A bottle of 60-year-old The Macallan 1926 set a record at auction last year when it sold for more than $1.5 million. That’s an absolutely bonkers amount of money for anyone to spend on alcohol but there were several factors which drove up that price from scarcity (only 12 bottles ever produced0 to the fact that the bottle featured artwork from world-famous Italian artist Valerio Adami.
Was that 1926 60-year-old Macallan worth $1.5 million? To me it’s not but to someone who had the money, it sure was. In this instance, it’s fairly obvious what drove up the record price at auction but it’s not always so obvious.
What makes a bottle cost $100 vs $1,000 vs $10,000? As it turns out, the answer’s pretty straight forward but also nuanced. This clip from Business Insider Video breaks it down pretty clearly. I’ve also pulled the transcript from this clip and shared some of it below if you’d rather read than watch a video:
Here are some portions of the transcript that do a great job of explaining why single malt whisky is so expensive:
Making single malt is a difficult and lengthy process. Barley is ground down and added to spring water. Heated to 64°C, it turns to sugar, dissolving into a fine sweet, tangy liquid called wort. The wort is drained, cooled, and passed into wash-backs. This is heated and condensed in copper wash stills for its first distillation, and a second time in spirit stills. This spirit trickles into the spirit safe, ready for maturation, and then is batched in casks with spring water. Casks spend years in the warehouse, maturing into a single malt.
An aged 30-year maturation can have 30% to 40% of the alcohol evaporated in the barrel, or over 1% each year of the whisky’s life. This is because of “Angel’s Share” — the natural evaporation of the liquid into the atmosphere over time. So older whiskies are expensive not because they’re old, but because they are rare.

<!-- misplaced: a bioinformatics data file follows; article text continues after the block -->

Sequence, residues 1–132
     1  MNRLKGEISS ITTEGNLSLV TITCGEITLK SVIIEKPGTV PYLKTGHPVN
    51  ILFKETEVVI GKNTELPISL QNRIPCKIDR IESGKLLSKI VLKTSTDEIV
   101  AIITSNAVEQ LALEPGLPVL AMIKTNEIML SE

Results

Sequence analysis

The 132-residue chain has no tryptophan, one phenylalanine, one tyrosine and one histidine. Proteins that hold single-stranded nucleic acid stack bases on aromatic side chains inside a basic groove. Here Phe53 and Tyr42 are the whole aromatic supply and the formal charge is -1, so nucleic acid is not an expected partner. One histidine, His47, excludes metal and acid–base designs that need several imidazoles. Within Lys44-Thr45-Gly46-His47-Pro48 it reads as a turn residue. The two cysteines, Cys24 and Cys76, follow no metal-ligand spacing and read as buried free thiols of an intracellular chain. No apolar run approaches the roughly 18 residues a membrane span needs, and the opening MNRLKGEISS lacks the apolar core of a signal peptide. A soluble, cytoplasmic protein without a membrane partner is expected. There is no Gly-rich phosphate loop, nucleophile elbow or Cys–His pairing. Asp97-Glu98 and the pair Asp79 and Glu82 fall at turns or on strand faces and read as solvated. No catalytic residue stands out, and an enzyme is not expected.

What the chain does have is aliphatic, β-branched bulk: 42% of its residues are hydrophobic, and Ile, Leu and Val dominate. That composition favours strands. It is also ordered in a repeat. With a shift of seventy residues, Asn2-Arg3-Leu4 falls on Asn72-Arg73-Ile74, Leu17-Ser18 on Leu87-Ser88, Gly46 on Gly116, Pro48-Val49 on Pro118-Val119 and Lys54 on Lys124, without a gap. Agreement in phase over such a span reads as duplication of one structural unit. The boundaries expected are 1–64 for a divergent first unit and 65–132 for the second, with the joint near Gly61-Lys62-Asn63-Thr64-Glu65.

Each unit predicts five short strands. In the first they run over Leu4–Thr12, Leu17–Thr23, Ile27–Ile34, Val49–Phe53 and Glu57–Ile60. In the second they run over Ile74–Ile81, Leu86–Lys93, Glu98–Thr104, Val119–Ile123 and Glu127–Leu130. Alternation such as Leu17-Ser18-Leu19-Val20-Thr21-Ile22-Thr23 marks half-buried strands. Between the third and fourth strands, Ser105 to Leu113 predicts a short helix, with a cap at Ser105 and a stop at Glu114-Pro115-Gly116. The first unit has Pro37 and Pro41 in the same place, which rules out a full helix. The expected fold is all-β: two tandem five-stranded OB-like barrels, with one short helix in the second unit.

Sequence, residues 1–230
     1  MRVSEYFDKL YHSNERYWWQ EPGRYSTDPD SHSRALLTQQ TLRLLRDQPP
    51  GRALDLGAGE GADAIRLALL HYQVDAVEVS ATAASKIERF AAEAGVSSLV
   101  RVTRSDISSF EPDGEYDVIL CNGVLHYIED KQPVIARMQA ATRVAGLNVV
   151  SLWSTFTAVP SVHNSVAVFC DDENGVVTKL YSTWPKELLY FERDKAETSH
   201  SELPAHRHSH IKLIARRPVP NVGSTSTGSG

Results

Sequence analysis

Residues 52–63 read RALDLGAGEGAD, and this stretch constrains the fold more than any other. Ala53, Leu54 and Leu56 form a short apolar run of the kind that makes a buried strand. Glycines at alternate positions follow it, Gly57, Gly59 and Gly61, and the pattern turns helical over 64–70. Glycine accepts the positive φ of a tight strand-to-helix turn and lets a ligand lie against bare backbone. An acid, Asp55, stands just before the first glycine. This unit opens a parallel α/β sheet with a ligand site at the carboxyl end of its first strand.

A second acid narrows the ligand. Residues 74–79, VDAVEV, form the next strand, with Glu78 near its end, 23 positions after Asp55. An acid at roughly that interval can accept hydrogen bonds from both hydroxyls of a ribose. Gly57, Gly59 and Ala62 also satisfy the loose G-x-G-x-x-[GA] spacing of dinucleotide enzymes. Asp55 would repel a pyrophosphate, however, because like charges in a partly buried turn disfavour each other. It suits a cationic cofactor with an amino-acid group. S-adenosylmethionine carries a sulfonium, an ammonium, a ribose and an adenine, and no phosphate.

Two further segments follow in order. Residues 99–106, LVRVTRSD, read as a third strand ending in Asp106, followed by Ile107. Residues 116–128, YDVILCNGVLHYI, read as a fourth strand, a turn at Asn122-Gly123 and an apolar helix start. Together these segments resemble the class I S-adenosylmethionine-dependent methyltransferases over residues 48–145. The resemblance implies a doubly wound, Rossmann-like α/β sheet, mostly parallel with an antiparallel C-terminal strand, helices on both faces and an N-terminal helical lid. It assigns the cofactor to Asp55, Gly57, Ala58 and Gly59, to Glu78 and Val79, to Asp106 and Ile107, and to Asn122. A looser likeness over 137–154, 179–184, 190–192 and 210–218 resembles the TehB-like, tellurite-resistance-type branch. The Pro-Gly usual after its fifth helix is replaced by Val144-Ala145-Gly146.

Two of the biggest factors in what makes single malt whisky so expensive are the Angel’s Share and rarity, which are obviously intertwined. The Angel’s Share is the whisky lost to natural evaporation throughout the aging process. With rum being aged in The Caribbean, this can be a huge portion of the barrel over a period of just 5-15 years. In Scotland, the evaporation might be less because of cooler temperatures but when a whisky is being aged for 60-years the Angel’s Share loss can be A LOT.
When a lot of the product is being lost to evaporation this can create rarity in a product that’s already pretty darn rare. Add in the modern element of reviewers and critics who tell you X is better than Y because of Z, the competition of a global market, and suddenly you can see why the prices climb to tens of thousands of dollars. When a bottle used to be worth $500 to a captive audience but now you have whisky lovers worldwide bidding for it that price will go up astronomically.
Then there’s the ‘artificial inflation based on selective demand’ which is the simplest explanation, you are selling a high-end product to wealthy people who justify the price because they have bottomless bank accounts and this drives up the price for everyone.